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ERIC Number: ED222316
Record Type: RIE
Publication Date: 1982
Pages: 43
Abstractor: N/A
Reference Count: 0
Education for Copeability: Perspective on Developing Countries.
Atta-Safoh, Alex
Stressing the application of progressive thought as a possible innovation toward development in developing countries, the paper discusses three major educational philosophies: romanticism, cultural transmission, and progressivisim (emphasizing the cognitive-developmental theory). Educational innovation and strategies for reform in the Soviet Union and the United States are discussed, along with differences between Soviet and Western education. Two stages in determining whether a country is ready for reform are addressed: Phase 1--Awareness and Transition--is characterized by a demand for knowledgeable manpower, supply of skilled manpower, design for increased equity, and resources for transition and Phase 2--Return to Learning--is characterized by a technological and legal change, information for innovation, and motivation for reform. The paper focuses on the political economy of education for development, examines the failure of the present system, and provides examples of victims of the failure and the effort being made to alleviate the situation, e.g., China's barefoot doctors and the problem-posing method used in Brazil's national literacy program. The paper concludes that failure of systems to respond to the needs of developing nations is accentuated by the fact that educational institutions in these nations have been borrowed from developed countries without any acquisition of an indigenous character as mentioned in a December 1974 working paper by the World Bank Education Department. (NQA)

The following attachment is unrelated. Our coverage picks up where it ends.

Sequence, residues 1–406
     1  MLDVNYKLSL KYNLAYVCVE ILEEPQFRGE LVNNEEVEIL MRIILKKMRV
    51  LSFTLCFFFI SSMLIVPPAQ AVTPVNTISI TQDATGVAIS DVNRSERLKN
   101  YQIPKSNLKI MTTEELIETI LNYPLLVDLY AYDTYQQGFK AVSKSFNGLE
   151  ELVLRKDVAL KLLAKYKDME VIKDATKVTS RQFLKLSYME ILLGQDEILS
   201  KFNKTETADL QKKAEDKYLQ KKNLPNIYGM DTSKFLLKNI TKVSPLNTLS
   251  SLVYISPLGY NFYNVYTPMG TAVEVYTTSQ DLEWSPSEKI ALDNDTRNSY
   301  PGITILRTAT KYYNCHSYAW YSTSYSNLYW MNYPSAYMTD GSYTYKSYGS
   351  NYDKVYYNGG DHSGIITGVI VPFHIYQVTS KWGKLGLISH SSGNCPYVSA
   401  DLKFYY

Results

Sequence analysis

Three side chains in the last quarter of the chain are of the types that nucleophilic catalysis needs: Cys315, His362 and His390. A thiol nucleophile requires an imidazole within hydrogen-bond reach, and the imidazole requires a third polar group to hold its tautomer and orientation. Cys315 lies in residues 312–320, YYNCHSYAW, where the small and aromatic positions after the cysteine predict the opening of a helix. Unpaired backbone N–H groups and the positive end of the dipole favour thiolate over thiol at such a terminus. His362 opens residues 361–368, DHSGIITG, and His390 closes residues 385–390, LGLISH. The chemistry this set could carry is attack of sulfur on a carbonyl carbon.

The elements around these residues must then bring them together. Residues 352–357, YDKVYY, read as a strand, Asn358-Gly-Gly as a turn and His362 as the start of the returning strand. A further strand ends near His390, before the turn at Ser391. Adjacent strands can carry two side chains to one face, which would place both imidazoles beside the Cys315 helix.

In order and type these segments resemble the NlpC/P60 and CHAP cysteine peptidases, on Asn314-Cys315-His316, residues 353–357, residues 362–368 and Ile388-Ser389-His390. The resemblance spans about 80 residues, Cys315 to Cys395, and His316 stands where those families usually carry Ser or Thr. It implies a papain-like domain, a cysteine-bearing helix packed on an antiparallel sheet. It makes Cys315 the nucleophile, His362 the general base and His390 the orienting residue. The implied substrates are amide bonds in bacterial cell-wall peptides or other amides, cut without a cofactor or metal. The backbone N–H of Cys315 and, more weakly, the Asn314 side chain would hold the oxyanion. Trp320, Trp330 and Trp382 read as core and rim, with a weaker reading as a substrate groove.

Publication Type: Opinion Papers
Education Level: N/A
Audience: N/A
Language: English
Sponsor: N/A
Authoring Institution: N/A
Identifiers: Barefoot Doctors; Brazil; China; Russia; Soviet Education; United States